The Government has fired a fresh broadside at Brussels over "breathtaking" demands for a bigger EU budget.
Financial Secretary to the Treasury Greg Clark rounded on the European Commission at the start of acrimonious talks to agree EU spending levels for next year.
The Prime Minister is already on the warpath over pressure for an inflation-busting 11% increase in the EU's 2014-2020 financial programme - threatening a veto at a summit in a fortnight unless there is at least a spending freeze, if not cuts.
On Friday, the target was the 2013 budget, with the Commission demanding a 6.8% increase on this year's 129 billion euro (£103 billion) total. Eurocrats also want an extra 9 billion (£7.2 billion) on the 2012 budget because of insufficient funds to cover all policy commitments.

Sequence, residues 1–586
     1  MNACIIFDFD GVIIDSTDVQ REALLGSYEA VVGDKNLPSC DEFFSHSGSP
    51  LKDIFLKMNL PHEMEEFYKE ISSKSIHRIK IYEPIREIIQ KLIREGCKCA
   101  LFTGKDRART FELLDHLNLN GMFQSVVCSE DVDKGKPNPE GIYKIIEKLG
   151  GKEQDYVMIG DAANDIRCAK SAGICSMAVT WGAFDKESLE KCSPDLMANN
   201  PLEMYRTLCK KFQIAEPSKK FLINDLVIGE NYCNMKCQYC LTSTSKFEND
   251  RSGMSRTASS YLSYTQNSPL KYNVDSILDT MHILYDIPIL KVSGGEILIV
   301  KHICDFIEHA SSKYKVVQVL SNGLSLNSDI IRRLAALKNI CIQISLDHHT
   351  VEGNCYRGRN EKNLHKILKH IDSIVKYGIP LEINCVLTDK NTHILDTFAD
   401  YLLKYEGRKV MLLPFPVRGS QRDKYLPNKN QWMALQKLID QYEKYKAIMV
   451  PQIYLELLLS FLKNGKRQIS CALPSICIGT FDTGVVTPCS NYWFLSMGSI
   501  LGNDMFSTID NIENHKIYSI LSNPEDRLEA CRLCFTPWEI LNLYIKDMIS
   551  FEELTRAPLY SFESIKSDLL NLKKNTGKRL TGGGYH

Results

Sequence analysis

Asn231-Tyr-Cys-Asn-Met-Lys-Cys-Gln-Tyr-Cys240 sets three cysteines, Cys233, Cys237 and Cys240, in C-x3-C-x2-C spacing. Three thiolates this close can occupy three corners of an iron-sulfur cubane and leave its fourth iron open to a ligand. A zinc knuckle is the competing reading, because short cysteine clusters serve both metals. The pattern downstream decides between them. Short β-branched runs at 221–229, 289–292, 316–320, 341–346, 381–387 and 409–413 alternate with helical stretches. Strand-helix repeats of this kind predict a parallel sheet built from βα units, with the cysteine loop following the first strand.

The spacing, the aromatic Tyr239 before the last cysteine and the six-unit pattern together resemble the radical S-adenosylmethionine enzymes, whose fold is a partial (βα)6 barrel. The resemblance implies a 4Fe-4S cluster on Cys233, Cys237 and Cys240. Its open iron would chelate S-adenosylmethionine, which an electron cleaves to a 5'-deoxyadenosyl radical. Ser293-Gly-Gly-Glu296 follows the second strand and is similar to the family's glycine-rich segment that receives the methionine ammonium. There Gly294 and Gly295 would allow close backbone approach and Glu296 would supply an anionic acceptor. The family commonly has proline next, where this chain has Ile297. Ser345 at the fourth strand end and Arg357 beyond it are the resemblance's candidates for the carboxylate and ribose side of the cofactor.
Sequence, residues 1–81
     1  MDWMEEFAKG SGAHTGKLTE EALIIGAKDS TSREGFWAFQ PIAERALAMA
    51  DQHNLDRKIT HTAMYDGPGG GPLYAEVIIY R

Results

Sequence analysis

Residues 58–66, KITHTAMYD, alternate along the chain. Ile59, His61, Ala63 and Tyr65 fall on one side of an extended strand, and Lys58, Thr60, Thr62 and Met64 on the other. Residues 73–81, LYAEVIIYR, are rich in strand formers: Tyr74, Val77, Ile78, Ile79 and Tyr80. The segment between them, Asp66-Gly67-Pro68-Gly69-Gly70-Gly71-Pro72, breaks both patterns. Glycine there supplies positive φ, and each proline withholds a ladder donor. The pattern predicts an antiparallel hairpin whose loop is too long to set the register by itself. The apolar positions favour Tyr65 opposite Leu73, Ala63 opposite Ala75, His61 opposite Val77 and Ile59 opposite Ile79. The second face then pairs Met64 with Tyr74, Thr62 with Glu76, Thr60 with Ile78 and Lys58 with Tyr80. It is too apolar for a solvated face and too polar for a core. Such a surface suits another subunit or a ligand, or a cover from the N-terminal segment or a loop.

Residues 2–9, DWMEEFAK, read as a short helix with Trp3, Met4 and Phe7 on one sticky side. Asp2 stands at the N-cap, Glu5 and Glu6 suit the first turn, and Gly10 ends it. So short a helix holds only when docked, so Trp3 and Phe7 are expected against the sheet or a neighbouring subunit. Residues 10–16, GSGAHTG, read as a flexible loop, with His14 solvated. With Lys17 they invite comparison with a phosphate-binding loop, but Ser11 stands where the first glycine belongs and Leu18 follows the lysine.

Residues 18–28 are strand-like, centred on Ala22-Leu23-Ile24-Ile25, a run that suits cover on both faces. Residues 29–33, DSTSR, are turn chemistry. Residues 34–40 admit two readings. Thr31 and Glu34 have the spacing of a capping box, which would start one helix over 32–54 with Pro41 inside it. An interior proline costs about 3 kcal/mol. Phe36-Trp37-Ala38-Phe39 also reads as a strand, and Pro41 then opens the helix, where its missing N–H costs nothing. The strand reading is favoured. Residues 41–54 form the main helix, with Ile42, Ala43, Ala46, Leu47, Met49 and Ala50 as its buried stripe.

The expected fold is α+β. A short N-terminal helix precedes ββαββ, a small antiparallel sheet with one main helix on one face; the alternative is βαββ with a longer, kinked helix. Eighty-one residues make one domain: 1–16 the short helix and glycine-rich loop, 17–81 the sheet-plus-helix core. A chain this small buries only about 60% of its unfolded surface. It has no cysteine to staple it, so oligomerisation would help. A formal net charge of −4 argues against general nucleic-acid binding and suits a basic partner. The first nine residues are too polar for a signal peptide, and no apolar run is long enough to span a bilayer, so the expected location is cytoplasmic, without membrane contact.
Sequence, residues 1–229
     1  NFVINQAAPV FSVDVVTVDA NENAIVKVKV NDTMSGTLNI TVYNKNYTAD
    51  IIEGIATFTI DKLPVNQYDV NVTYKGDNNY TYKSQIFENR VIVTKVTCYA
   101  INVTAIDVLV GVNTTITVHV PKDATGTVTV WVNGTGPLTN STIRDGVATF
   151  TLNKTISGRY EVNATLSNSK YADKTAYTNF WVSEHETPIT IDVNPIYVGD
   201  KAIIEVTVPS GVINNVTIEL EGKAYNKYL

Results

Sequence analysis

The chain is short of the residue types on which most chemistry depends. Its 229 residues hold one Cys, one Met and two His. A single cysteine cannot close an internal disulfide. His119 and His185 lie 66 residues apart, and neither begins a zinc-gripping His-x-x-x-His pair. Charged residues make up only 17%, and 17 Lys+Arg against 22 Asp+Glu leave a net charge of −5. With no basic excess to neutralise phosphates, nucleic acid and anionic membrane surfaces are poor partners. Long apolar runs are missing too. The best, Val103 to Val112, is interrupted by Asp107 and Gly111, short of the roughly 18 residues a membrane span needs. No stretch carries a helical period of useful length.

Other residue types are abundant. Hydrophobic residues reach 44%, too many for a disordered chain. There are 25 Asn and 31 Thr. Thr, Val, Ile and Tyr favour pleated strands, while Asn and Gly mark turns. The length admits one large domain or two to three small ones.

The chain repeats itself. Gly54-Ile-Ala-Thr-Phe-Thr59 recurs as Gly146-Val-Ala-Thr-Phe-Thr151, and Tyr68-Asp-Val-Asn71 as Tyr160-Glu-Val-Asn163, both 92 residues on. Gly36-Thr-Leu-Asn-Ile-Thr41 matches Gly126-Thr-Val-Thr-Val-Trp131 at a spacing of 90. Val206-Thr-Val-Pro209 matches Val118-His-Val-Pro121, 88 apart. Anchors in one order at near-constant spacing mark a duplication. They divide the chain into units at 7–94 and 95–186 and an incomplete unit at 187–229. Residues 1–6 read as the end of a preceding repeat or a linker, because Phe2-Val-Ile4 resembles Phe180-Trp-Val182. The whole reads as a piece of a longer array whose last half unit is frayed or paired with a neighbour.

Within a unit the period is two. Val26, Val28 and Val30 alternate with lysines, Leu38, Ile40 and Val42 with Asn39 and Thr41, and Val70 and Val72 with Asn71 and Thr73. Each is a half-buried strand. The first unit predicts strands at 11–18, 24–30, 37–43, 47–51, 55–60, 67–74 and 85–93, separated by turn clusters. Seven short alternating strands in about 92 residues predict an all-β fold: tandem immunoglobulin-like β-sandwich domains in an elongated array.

British efforts to force a freeze for next year were defeated earlier this year, but fellow EU governments did slash the 6.8% demand to 2.79%. However, last month MEPs voted to reinstate the full 6.8%, triggering the new "conciliation" talks in an attempt to find a compromise.
Bitterness set in at a European Parliament meeting ahead of joint talks with ministers in Brussels.
Richard Ashworth, leader of the UK's Conservative MEPs, said he had made clear that not all MEPs backed the 6.8% rise, telling Parliament President Martin Schulz that he was "completely out of touch with political reality" at a time of painful national budget cuts.
The meeting had become acrimonious - and then Mr Clark renewed the fight when ministers began negotiations with the Parliament and Commission.
The UK was making budget cuts of nearly 20% in almost all departments, said Mr Clark. IMF forecasts suggested national government spending across the EU was falling by more than 8% between 2010 and 2012. With that in mind "most people around this table should recognise the need to reduce rather than increase budgets", Mr Clark said.
He said the Commission itself had reduced its growth forecasts for this year and next, and called for "sound public finances" to restore confidence essential for growth.